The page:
Tamil’s Cruel Cock Fight! ( Post No.3442)

Written by London swaminathan

 

Date: 12 December 2016

 

Time uploaded in London:-19-59

 

Post No.3442

 

 

Pictures are taken from different sources; thanks.

 

contact; swami_48@yahoo.com

 

Tamils have been organising Ram fight, buffalo fight and cock fight for the past 2000 years ago. A poet by name garbage cock (Kuppaik koziyaar) had used a simile of fighting cocks in the garbage. The commentators described the cock fight organised for the public and the useless fight among cocks in the garbage. The heroine of the poem compares her condition to a cock which fights in the garbage Kuruntokai Verse No.305 by Kuppaik Koziyaar.

Kamban who wrote Ramayana in Tamil gives a list of recreational activities in the Kingdom of Kosala and one of them is cock fight. Actually, he attributed everything that was common in the Chola country to the Kingdom of Kosala. Kamban describes the cocks fitted with knifes fighting with one another in detail (Balakandam, Kamba Ramayan).

How the cocks are trained:

Probably there is not a people on the face of the earth, whether rich or poor, cultured or uncultured, white or black that does not find time for recreation or amusement. Tamils have several amusements and recreational activities and one of them is the barbarous and cruel cock fighting.  This is a common thing in almost all the villages. The fighting cocks are of two types – the country breed and the Moghul breed. the Moghul breeds are fine, strong and well-made birds. They are kept in separate places, and not allowed to see each other. if a villager is a well to do man, he keeps five or six of these cocks. if he is a big landlord, he keeps about a dozen, and he engages a special man to look after them. His duty is to feed them both morning and evening, and to give them water at noon. Besides this he must spend ten or fifteen minutes with each cock in the evening in wetting their necks well with cold water, and specially in pressing with both his hands the neck of each cock. He takes each cock to the tank, and dis the whole body well into water, and lets it swim for a while. This kind of preparation goes on for some time before the owner ventures to take them to the fighting ground. The country breeds are also prepared in the same manner, except for rubbing of the necks.

 

The spot for fighting will be fixed according to the convenience of the villagers. The parties always chose a place where there is plenty of water and shade, and as far as possible away from a village. To this fighting amusement the fair sex and the Brahmins do not go, but the men of all ages are exceedingly fond of it. Some of them travel miles in order to see the cock fight.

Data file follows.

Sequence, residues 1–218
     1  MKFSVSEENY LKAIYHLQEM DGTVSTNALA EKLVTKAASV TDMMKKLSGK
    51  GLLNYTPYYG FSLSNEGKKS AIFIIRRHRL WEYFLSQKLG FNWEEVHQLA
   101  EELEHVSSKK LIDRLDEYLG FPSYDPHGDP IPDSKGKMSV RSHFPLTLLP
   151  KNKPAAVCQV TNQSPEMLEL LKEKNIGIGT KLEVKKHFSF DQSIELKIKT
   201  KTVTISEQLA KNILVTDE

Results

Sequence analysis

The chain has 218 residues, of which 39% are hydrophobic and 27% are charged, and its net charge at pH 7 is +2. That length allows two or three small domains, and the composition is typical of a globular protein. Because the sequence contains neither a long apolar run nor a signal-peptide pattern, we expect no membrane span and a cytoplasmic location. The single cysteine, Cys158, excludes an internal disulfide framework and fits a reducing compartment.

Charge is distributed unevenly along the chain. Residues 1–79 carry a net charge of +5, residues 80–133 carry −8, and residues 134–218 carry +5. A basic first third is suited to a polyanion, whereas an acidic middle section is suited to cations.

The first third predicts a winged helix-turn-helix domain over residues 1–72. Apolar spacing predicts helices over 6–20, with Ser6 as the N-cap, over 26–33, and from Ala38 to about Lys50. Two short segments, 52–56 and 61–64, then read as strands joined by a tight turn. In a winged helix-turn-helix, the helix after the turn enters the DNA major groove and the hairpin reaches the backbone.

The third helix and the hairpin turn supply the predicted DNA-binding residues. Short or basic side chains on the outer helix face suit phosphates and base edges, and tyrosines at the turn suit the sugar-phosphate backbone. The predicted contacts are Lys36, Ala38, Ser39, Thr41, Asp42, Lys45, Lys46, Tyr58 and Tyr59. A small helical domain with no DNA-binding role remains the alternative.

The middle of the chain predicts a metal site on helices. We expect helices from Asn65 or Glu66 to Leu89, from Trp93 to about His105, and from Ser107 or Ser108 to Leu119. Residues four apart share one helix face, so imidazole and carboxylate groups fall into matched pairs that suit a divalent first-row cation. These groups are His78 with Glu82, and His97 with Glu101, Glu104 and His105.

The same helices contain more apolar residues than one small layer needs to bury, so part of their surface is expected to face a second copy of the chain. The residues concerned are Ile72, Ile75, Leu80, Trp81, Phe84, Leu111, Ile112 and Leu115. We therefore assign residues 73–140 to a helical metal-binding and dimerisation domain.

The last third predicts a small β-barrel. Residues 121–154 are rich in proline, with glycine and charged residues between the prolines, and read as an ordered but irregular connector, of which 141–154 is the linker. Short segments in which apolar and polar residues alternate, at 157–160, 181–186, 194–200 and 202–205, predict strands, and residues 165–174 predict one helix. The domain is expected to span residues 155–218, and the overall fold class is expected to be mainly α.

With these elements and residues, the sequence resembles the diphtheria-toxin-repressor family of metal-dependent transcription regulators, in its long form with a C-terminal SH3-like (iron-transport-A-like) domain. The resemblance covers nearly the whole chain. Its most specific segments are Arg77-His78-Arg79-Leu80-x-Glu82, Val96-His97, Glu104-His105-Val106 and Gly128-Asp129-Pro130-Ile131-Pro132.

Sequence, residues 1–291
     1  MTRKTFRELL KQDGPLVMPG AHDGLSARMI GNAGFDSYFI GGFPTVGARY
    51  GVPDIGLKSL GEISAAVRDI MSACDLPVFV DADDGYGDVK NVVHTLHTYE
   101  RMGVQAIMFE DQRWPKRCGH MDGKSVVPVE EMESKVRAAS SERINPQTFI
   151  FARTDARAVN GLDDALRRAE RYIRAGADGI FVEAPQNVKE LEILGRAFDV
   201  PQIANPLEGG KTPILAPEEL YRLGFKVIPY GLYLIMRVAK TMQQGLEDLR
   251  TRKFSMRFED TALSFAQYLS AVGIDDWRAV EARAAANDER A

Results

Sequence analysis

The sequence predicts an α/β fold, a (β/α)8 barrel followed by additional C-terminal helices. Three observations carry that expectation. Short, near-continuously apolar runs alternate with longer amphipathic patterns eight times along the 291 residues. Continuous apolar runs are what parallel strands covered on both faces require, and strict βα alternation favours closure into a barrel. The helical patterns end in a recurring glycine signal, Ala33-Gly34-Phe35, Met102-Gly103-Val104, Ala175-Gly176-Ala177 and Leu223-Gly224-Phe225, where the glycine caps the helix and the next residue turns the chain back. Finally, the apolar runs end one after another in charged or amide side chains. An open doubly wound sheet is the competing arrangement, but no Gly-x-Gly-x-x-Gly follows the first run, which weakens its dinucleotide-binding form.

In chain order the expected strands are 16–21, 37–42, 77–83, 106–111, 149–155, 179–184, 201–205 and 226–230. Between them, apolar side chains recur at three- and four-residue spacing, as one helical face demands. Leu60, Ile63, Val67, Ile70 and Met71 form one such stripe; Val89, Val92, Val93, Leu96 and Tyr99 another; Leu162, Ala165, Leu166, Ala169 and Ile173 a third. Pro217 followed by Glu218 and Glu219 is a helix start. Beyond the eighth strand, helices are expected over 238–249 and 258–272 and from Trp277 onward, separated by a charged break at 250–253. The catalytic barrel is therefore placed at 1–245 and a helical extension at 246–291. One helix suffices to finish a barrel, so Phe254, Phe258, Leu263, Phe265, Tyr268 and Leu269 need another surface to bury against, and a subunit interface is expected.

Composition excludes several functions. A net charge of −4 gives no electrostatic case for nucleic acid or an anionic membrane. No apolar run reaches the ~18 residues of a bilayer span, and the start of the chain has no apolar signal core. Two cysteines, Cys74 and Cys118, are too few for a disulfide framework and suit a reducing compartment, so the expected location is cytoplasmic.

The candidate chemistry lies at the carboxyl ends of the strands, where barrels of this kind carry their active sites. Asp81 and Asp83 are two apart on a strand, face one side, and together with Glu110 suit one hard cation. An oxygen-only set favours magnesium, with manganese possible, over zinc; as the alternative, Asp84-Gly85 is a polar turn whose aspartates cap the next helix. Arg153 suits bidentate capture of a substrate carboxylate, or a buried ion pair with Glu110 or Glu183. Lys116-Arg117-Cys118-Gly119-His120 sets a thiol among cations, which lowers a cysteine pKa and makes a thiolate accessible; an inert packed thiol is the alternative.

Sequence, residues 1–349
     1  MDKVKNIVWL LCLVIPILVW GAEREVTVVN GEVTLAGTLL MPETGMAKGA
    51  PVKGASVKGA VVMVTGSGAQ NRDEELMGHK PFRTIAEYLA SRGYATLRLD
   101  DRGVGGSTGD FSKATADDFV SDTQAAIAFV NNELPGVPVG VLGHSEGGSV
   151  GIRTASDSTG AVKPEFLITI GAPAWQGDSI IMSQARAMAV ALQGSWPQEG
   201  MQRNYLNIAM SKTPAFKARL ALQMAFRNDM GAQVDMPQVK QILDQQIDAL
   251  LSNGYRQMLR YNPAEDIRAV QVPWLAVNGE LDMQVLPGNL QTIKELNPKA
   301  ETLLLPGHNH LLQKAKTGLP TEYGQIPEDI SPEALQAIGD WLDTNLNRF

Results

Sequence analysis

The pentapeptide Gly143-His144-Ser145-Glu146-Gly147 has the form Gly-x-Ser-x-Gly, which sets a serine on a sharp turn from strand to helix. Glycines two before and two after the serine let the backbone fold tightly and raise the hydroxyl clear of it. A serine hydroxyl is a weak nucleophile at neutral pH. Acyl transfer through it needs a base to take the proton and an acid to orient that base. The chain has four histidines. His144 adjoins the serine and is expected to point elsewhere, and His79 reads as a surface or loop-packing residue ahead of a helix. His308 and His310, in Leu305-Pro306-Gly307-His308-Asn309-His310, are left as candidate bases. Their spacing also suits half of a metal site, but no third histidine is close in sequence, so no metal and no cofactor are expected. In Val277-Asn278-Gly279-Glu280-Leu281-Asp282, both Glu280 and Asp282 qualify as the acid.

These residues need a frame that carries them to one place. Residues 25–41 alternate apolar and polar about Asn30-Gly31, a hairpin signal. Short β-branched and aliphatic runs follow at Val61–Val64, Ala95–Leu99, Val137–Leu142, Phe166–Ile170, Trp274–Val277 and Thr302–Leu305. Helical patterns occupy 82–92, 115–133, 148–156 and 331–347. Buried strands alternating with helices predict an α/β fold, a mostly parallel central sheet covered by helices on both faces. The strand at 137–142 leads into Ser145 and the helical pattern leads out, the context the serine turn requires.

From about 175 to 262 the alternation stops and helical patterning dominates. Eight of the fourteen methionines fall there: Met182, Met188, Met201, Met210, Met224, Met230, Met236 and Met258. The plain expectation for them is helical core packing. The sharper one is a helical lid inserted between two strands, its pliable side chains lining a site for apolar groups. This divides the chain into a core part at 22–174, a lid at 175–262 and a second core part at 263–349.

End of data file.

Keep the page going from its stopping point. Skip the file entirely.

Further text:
The fight commences at 10 O’clock in the morning. A pair of cocks is set up Each of these belongs to a different party, and generally they do not care to fix matches between cocks of the same village. One of these fights is known as Vetrukaal por; the other is called Kathi por. In the former the cocks are engaged in without having any double edged, small knife attached to their right legs; but in the latter kind they have the knives, and this makes it a most cruel and terrible scene.  Soon after these cocks are set up, they severely wound each other, and one of them dies or runs away, the fight is ended. The defeated cock is always presented to the owner of the conqueror.

In the case of the cocks fighting without a knife, one of the cocks either must die or run away. The owner of the cock which conquers its opponent is entitled to the defeated cock or to a certain sum of money.

 

If a man in a village has a champion cock, it rouses the envy of the people of other villages, who spends a lot of money in purchasing a proper match to it. There is a great deal of skill shown by the men who catch the cocks with knives, even while they are flying against each other. Sometimes, the men are severely wounded while thus attempting catch the cocks. This must be regarded as a most cruel and degrading way of getting amusement.

Source: Kamba Ramayanam, Sangam Literature, Indian Village Folk by T B Pandian, year 1897.

–Subham–

 

 

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